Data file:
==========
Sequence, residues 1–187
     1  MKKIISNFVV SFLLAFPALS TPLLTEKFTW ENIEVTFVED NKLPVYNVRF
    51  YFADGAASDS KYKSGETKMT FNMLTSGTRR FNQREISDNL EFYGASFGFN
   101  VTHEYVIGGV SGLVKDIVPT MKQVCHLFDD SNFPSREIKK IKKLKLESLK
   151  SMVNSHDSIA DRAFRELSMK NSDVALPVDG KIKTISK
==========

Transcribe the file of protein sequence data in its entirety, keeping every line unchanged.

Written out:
Sequence, residues 1–187
     1  MKKIISNFVV SFLLAFPALS TPLLTEKFTW ENIEVTFVED NKLPVYNVRF
    51  YFADGAASDS KYKSGETKMT FNMLTSGTRR FNQREISDNL EFYGASFGFN
   101  VTHEYVIGGV SGLVKDIVPT MKQVCHLFDD SNFPSREIKK IKKLKLESLK
   151  SMVNSHDSIA DRAFRELSMK NSDVALPVDG KIKTISK